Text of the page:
Dangerous instruments include items or substances that are capable of causing death or serious physical injuries by how they are used. For instance, a vehicle, baseball bat, crowbar, poison, or caustic substance can be a dangerous instrument.

Examples of Third-Degree Assault

Examples of misdemeanor assault in New York could include deliberately punching someone or shoving them down the steps. Forcefully pushing one's way through a crowded bar and recklessly injuring someone when they fall and sprain a wrist could be another example. Shooting a gun into the air during a celebration would probably be negligent assault if a bullet grazed someone on the way down. Even if the person had no idea that bullets could injure on their way down, the average person would probably be aware of that risk.

What Are the Penalties for Third-Degree Assault in New York?

Third-degree assault starts as a misdemeanor. But, under certain circumstances, this crime carries felony penalties.

Misdemeanor Penalties for Third-Degree Assault

A person convicted of third-degree assault faces class A misdemeanor penalties, punishable by up to 364 days in jail and a $1,000 fine.

Enhanced Felony Penalties for Third-Degree Assault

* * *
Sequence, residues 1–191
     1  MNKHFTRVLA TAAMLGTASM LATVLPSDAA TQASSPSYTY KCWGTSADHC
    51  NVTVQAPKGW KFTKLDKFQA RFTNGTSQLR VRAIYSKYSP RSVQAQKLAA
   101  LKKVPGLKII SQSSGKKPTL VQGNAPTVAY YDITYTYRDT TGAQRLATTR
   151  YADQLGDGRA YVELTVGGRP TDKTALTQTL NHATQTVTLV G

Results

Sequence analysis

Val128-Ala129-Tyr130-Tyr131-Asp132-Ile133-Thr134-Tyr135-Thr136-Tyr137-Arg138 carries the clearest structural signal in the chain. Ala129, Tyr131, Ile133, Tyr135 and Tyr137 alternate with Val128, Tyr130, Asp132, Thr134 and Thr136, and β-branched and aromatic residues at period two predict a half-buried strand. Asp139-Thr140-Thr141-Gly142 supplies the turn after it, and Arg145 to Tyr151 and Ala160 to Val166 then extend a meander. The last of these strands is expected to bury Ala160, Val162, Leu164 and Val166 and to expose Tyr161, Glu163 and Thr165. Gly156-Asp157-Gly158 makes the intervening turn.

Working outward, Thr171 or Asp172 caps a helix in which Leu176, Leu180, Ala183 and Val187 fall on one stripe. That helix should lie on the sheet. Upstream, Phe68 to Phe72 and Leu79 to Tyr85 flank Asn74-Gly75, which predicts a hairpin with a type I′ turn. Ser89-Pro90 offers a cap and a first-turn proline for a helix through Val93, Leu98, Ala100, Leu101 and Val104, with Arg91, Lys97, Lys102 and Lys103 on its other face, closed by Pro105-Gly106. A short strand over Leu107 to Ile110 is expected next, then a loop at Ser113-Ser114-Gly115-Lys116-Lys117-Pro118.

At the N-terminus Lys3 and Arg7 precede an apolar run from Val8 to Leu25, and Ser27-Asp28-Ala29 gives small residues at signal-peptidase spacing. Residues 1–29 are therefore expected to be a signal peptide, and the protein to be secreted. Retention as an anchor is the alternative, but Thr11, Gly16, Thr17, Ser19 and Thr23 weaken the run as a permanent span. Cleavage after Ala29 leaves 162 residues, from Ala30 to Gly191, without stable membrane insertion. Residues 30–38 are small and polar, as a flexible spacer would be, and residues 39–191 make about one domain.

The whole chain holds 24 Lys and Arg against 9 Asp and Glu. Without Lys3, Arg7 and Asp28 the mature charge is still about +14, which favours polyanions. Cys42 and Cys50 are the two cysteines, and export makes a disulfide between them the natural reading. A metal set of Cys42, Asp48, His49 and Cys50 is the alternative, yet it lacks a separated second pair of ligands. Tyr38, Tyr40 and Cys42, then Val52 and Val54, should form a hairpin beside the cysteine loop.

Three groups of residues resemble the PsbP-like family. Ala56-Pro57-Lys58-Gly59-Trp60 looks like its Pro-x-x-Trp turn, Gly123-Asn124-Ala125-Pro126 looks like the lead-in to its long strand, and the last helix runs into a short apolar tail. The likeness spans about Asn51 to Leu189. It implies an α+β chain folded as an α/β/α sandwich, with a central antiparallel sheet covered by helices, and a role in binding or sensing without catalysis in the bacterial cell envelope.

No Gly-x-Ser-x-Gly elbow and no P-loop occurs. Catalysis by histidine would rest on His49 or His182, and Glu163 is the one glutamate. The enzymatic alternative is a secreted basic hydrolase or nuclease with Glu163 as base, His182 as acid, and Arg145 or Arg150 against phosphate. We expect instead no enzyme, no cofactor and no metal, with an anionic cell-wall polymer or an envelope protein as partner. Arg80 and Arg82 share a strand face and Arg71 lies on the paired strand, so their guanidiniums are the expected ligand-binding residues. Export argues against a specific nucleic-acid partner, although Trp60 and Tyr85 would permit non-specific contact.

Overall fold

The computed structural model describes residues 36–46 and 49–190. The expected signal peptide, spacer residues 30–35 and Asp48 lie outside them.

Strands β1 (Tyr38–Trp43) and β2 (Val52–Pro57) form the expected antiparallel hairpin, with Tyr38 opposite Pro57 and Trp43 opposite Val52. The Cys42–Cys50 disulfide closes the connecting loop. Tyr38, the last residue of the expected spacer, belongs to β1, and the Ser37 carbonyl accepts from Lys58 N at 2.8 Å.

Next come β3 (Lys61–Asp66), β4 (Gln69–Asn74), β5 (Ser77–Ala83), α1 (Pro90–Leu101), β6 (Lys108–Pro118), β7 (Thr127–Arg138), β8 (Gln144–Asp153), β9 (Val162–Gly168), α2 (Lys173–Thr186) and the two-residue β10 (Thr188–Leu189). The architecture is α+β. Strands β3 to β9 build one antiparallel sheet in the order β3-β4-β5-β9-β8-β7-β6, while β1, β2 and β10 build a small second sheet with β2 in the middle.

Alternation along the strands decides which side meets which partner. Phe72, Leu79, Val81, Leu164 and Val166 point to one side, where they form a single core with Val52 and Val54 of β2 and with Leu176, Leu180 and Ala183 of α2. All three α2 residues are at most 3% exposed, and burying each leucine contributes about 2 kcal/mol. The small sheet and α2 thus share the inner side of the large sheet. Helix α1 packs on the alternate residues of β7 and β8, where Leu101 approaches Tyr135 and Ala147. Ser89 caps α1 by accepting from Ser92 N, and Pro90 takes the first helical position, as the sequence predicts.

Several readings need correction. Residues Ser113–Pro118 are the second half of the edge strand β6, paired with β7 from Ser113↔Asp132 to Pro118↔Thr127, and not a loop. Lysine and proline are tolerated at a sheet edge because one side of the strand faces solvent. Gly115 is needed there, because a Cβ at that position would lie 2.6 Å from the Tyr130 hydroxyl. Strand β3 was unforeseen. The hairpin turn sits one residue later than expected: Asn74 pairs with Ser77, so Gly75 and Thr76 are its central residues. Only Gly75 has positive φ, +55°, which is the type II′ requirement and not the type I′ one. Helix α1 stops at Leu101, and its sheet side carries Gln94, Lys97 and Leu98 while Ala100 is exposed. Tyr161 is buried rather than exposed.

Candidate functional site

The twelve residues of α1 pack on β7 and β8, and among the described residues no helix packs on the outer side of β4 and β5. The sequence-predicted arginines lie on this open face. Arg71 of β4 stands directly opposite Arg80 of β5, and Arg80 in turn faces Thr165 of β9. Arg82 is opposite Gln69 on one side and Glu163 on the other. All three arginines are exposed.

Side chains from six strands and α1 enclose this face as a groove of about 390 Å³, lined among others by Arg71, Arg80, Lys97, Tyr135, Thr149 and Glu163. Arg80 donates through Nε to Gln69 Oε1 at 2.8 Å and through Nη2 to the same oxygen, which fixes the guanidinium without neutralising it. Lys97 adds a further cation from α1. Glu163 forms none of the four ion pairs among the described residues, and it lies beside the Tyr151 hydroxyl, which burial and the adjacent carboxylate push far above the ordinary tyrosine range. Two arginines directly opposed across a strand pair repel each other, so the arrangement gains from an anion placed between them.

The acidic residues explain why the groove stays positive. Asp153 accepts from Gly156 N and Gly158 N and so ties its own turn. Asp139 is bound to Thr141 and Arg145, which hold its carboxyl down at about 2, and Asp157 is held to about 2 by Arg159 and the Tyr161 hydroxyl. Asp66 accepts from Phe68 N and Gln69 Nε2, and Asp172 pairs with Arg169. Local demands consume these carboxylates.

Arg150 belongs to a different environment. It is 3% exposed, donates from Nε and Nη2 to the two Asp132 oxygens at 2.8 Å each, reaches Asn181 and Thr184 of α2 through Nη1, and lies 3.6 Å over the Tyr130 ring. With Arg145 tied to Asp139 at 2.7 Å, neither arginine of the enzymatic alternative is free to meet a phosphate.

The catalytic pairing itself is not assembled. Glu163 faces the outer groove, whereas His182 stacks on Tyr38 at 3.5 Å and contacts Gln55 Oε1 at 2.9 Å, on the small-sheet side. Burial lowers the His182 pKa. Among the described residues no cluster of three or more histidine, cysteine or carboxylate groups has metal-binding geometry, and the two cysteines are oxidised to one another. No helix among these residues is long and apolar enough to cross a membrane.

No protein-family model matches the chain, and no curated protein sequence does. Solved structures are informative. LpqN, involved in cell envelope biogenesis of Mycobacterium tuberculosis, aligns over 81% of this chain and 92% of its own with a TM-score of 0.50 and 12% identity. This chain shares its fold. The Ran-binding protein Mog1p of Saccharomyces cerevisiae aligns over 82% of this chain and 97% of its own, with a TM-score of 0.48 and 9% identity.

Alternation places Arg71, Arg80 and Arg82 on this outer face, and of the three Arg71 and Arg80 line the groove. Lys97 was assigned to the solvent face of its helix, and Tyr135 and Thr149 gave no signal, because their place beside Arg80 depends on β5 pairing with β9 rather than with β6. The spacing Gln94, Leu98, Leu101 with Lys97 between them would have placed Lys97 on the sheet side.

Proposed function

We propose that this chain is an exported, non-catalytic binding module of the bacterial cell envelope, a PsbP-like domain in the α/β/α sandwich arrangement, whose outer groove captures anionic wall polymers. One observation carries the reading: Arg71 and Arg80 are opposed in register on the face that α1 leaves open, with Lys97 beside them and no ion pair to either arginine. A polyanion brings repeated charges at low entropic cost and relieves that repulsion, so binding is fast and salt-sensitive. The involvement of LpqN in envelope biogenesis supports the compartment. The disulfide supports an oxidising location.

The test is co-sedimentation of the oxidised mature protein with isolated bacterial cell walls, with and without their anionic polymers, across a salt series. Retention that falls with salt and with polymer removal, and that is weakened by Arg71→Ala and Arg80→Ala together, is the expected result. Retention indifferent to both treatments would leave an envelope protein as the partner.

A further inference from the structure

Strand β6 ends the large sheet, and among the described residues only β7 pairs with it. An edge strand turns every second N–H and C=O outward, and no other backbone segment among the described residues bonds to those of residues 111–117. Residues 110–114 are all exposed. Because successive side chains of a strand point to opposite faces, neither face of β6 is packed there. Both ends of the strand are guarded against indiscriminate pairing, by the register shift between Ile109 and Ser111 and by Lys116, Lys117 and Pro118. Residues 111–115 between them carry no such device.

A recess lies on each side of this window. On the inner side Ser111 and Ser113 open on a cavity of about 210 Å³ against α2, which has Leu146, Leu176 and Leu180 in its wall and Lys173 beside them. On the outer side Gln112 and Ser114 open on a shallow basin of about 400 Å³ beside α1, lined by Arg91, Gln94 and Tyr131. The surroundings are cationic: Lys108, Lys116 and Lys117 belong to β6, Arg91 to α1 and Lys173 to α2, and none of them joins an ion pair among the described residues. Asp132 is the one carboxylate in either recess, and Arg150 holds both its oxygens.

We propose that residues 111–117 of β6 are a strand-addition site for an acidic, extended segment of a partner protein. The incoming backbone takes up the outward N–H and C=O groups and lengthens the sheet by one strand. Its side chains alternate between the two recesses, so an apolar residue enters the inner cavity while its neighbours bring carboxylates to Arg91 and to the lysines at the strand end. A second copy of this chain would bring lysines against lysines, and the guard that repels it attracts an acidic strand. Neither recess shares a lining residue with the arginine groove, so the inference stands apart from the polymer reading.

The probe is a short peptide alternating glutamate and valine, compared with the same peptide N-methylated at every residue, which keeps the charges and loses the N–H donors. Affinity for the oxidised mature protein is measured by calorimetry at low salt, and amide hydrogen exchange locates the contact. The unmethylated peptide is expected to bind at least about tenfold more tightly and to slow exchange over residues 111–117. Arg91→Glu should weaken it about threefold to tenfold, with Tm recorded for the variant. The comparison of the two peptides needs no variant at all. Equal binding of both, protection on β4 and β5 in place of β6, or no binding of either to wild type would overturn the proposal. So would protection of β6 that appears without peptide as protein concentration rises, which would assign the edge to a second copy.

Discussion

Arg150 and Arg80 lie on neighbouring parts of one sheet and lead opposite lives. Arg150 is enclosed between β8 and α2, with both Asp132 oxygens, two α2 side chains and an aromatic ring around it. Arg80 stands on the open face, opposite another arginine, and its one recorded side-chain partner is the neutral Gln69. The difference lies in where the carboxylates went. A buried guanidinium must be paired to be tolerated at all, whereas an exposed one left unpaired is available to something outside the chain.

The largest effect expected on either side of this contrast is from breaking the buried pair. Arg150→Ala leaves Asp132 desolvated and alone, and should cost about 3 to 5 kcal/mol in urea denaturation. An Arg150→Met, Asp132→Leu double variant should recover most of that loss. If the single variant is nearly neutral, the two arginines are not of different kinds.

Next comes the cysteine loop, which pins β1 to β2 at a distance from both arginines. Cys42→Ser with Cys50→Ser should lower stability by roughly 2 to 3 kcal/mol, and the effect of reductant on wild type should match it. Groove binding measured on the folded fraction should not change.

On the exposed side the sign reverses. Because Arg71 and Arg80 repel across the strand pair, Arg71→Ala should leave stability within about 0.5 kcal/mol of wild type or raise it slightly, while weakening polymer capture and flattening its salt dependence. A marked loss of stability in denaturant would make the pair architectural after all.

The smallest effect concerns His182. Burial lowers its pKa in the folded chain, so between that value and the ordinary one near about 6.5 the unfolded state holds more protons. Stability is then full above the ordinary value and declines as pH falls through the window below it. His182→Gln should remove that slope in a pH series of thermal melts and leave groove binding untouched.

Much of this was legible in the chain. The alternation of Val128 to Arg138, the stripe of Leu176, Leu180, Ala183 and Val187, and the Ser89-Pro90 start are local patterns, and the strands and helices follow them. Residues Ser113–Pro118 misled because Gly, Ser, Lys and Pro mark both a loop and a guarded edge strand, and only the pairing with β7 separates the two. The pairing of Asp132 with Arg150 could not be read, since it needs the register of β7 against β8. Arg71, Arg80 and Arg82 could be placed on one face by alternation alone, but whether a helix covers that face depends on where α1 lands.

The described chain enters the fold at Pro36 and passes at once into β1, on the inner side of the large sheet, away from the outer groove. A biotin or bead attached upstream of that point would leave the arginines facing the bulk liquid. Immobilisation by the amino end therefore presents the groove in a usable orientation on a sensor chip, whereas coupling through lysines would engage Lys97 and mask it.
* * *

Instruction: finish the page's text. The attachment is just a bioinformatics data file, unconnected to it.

In certain instances (not amounting to first- or second-degree assault), the law provides enhanced felony penalties for third-degree assault. All of the enhanced penalties below are class E felonies, punishable by up to four years of prison time.

Hate crimes. A person who commits third-degree assault against another based on their actual or perceived race, color, national origin, ancestry, gender, gender identity or expression, religion, religious practice, age, disability, or sexual orientation will face felony penalties. (N.Y. Penal Law §§ 485.05, 485.10 (2024).)

Aggravated family offense. Prosecutors can also seek enhanced felony charges if the person commits a misdemeanor assault against a family or household member and has a similar prior conviction. (N.Y. Penal Law § 240.75 (2024).)

Aggravated assault of a child. A second conviction for third-degree assault when the victim is younger than 11 is a felony-level offense. (N.Y. Penal Law § 120.12 (2024).)

Defenses to Misdemeanor Assault Charges in New York

A person facing assault charges can fight the charges in several ways, including by poking holes in the prosecution's case or by raising an affirmative defense.

Self-defense. A defendant might claim self-defense or defense of others if the alleged victim started the altercation or was about to. To be successful, the defendant can only use as much force as is reasonably necessary to defend against another's use or imminent use of force. (N.Y. Penal Law § 35.15 (2024).)

Reasonable doubt. The defense might also try to poke holes in the prosecution's case by arguing the prosecution failed to prove the required intent or injuries. In this case, the defense might be able to get the charges dismissed or reduced.

Getting Legal Advice and Representation

An assault conviction could result in time behind bars and fines. If you're charged with assault or any other crime, contact a New York criminal defense attorney. An experienced attorney should be able to tell you how your case is likely to fare in court based on the facts of your case and can help you mount the strongest possible defense.